Interview

It’s Time to have our own Oxfords and Cambridge’s

Says, Mahesh Tejwani, President, Vivekanand Education Society, Mumbai, in an interaction with Ekta Srivastava, Education Technology.in…

We would like to know the journey of Vivekananda Education Society, from inception till date.

Vivekanand Education Society started its educational activities in 1962 with 256 students in a high School. Today the Society runs 26 institutions which include Primary and High Schools, Degree College of Arts, Science and Commerce, Polytechnic, Engineering College, College for Management Studies, Pharmacy College and Law College with over 20,000 students on its roll. VES also provides differentiated skill-based training to students across diverse disciplines through one of its institutes. All its affiliated institutes are equipped with amenities like modern library facilities, recreation centers and free WIFI connections. We strictly follow a value-based admission policy where merit is given preference. We also have an in-house sports academy for training students to enhance their fitness levels.

VES through its various educational institutions over the past 54 years has helped nurture an intellectual endeavor that focuses on critical and creative thinking, with the aim of social transformation, inculcating both human and spiritual values in students. Competence, compassion and commitment are the hallmarks of an individual we seek to encourage.

VES and its institutes believe not only in academic excellence but also in the overall development of our students. With high moral values, our students blend professionalism and a sense of social responsibility so as to be recongnized as dutiful citizens of the country. VES strictly follows and strongly believes in – No management quota, no capitation fees or donations for admissions in any form, it’s pure learning and sharing continuing to work for academic excellence

Since its inception, Vivekanand Education Society (VES), Chembur has established new milestones in the field of education and started newer vistas of learning for students. This is an institution where knowledge is treated as an empowering tool to equip students to become the model citizens of tomorrow. VES also operates an on-campus crèche for taking care of children whose parents are working.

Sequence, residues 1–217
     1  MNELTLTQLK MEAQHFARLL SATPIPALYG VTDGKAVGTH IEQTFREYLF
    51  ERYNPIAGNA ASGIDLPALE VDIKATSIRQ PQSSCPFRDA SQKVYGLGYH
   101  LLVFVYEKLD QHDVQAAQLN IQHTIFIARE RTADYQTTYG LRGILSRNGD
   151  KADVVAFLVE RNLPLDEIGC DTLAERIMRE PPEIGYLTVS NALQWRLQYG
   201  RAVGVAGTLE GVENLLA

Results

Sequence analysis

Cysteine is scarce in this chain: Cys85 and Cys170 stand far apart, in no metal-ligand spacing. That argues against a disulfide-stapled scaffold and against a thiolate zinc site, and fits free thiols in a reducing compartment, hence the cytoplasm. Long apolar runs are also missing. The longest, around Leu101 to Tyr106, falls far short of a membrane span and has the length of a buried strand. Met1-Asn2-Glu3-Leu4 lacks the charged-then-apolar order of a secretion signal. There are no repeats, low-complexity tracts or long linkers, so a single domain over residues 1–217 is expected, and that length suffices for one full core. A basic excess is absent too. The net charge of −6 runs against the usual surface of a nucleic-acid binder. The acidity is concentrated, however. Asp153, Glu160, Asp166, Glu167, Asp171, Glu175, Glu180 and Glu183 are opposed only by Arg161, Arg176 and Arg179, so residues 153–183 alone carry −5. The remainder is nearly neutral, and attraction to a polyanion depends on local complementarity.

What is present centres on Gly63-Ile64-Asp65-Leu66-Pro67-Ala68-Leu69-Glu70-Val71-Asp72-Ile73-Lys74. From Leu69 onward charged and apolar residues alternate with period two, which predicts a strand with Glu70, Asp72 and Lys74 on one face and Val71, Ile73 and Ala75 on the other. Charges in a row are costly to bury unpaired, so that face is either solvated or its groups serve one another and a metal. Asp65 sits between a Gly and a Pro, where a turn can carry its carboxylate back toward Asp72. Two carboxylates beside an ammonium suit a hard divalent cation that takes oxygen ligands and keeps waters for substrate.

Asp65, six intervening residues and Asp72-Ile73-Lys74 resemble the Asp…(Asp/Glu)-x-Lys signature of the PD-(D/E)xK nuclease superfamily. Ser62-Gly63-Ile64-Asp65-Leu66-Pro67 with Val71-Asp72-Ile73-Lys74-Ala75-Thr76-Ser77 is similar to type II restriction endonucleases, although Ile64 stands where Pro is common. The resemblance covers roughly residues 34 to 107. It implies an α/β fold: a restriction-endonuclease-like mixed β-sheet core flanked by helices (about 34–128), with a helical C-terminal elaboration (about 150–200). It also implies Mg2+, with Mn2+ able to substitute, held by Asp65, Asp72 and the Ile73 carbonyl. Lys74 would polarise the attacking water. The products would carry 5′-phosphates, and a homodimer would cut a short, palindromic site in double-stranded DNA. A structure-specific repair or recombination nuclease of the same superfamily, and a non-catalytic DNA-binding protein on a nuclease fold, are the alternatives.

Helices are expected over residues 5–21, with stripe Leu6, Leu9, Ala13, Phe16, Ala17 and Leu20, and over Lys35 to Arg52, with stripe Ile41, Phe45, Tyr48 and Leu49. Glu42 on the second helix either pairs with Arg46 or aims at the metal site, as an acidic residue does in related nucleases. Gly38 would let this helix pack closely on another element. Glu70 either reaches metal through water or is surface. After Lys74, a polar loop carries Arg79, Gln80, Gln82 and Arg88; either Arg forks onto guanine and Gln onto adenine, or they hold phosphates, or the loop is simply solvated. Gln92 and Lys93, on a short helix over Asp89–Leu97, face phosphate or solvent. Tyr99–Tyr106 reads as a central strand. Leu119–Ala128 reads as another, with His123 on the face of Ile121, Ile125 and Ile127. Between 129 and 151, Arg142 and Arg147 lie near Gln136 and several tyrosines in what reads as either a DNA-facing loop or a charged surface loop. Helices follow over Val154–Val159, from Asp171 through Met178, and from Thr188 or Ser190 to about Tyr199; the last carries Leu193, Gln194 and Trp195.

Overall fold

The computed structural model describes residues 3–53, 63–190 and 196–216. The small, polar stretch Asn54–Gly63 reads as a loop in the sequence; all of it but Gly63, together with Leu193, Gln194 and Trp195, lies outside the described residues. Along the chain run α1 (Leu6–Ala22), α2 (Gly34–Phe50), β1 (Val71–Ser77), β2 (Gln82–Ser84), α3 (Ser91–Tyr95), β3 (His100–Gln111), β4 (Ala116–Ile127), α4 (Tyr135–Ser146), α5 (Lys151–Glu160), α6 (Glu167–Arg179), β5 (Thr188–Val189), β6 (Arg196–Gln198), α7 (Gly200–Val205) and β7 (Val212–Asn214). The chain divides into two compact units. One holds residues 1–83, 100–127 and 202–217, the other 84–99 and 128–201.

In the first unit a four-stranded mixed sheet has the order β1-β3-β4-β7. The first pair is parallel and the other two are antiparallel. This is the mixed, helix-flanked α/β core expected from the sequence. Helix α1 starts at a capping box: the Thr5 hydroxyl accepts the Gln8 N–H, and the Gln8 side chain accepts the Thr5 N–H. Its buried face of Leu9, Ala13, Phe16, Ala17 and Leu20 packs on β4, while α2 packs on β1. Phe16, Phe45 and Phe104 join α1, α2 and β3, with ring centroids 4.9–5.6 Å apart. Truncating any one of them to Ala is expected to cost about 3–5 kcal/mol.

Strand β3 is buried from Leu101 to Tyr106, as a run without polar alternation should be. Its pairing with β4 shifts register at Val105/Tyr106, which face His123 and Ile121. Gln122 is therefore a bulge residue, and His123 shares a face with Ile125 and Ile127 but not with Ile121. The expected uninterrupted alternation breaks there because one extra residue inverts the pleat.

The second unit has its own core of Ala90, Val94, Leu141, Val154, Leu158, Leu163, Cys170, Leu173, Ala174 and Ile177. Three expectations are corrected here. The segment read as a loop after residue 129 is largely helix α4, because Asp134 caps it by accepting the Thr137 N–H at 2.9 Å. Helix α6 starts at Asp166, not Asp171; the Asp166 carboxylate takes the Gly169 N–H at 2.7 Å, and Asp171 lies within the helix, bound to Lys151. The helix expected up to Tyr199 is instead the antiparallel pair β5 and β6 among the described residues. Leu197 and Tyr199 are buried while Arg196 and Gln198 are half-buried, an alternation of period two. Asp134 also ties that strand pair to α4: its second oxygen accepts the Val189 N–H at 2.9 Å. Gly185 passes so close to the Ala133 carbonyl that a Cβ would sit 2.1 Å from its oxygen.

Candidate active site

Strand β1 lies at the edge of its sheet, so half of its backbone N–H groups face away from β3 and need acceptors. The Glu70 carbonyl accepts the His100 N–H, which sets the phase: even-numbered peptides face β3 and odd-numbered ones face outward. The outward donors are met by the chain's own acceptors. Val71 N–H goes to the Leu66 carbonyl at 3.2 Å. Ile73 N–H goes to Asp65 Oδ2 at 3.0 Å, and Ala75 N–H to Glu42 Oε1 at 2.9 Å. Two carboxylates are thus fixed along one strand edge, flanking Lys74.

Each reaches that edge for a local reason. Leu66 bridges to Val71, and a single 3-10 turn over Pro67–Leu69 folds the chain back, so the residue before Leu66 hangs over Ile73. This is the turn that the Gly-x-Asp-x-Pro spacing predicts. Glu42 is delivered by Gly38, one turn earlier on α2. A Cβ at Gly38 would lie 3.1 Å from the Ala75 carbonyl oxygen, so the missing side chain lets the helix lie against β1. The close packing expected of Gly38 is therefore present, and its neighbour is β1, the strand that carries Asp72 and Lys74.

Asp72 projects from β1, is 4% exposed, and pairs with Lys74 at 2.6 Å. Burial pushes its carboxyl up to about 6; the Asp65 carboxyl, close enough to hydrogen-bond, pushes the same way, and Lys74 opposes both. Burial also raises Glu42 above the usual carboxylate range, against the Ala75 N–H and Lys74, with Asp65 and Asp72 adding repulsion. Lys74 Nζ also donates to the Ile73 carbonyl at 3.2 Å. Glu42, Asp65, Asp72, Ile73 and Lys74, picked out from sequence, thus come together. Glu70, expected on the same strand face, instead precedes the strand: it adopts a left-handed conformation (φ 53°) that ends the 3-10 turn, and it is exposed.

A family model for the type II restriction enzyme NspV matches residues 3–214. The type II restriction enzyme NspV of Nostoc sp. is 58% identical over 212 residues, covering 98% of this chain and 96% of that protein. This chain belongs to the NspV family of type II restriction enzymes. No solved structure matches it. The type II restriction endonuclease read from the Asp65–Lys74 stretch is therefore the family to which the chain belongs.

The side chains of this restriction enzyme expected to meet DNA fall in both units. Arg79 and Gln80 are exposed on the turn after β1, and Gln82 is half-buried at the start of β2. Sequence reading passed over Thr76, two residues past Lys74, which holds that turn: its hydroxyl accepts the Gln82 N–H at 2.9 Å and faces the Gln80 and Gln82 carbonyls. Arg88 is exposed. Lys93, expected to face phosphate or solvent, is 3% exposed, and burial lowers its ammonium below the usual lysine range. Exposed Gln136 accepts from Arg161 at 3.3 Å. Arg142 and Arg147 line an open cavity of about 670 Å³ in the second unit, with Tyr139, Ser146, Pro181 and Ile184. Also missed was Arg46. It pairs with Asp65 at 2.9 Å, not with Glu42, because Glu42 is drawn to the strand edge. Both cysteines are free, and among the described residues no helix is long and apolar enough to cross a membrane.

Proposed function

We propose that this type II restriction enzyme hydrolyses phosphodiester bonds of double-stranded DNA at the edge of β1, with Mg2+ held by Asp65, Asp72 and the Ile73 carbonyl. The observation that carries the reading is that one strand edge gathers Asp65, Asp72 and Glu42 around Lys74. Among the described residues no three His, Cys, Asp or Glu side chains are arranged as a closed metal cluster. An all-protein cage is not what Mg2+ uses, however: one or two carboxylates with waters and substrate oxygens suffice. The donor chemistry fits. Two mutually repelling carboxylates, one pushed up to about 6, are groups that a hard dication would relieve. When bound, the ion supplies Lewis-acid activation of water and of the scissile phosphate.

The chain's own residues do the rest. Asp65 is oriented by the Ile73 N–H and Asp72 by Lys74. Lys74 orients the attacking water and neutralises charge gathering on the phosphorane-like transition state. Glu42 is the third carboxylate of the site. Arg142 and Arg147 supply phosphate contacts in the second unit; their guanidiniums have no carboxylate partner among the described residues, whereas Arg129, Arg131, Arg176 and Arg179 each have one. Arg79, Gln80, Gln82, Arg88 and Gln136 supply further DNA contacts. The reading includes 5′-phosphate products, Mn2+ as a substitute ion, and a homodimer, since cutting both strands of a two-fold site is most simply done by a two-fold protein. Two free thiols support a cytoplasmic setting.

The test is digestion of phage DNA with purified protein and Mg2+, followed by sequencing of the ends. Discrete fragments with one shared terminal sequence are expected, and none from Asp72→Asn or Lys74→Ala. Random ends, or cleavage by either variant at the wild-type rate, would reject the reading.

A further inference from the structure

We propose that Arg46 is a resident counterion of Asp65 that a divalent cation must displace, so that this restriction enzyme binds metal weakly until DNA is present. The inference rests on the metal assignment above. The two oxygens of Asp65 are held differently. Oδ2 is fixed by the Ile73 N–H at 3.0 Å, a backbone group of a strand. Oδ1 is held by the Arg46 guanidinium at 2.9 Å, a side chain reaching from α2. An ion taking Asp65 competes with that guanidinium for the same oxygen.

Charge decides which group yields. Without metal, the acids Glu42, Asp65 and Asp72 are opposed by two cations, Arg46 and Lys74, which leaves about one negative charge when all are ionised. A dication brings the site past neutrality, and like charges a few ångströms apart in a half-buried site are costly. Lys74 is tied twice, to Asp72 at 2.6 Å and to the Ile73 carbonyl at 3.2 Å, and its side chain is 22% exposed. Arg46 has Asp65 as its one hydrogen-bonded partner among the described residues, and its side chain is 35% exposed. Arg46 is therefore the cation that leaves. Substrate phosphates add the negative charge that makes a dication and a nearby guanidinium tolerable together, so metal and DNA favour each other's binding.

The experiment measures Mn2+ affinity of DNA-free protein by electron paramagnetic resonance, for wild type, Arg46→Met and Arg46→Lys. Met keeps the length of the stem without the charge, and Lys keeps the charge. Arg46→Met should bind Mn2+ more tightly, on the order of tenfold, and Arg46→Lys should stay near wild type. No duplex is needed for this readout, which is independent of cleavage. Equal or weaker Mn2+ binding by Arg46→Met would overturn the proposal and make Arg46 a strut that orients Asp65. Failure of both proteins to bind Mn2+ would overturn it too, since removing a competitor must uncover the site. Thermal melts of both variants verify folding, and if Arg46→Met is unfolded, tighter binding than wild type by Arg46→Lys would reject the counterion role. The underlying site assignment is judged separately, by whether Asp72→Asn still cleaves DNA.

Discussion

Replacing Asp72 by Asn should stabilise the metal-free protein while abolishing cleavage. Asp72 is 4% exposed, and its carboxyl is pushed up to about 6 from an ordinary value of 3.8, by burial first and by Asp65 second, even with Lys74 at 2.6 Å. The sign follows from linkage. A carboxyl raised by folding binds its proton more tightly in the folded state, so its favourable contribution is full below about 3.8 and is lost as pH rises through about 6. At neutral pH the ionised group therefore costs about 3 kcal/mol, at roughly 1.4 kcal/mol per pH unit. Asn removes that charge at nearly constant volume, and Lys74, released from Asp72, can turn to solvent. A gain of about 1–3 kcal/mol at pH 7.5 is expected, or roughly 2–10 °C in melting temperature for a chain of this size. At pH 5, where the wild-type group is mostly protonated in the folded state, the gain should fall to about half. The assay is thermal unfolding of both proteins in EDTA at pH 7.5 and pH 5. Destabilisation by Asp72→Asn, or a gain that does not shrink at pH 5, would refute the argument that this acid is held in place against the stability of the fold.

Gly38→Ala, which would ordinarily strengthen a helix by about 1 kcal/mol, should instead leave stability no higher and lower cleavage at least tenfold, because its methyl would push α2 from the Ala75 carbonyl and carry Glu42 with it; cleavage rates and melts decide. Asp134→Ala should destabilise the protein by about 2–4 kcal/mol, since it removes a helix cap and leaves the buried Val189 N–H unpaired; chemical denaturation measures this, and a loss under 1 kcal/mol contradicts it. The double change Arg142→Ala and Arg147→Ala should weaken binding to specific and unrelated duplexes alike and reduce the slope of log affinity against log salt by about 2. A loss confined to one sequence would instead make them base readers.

What are the new situations and corresponding problems Indian education societies face nowadays.

Of late it has been found that students join for higher studies without any serious intent. Also, there are very few institutions in India that are giving quality education so as to inculcate the learning skills amongst students.

We need great improvement in the higher education system in India. We boast that India would rank third among all countries by 2020 in the education sector. But if we need to aspire to achieve global standards we need to go a long way. It is time we overhaul the system in such a way that we will have students from abroad flying from other countries to pursue higher education. We need to have our own Oxfords and Cambridge’s.

There should be an increase in the budgetary allocation by the government. The present allocation as per 2012 plan is about 6% which is not enough so as to improve the quality of the education sector.

Equally important is the need to constantly update the syllabus on a global standard which will help students adapt with the changing market scenarios and the ever-evolving global standards. They should make education liberal, introduce new practices and research work and update the course curriculum more often.

Our country is in a profound transition and the development of education society is related closely to that of society and times. So what should universities change and what should not?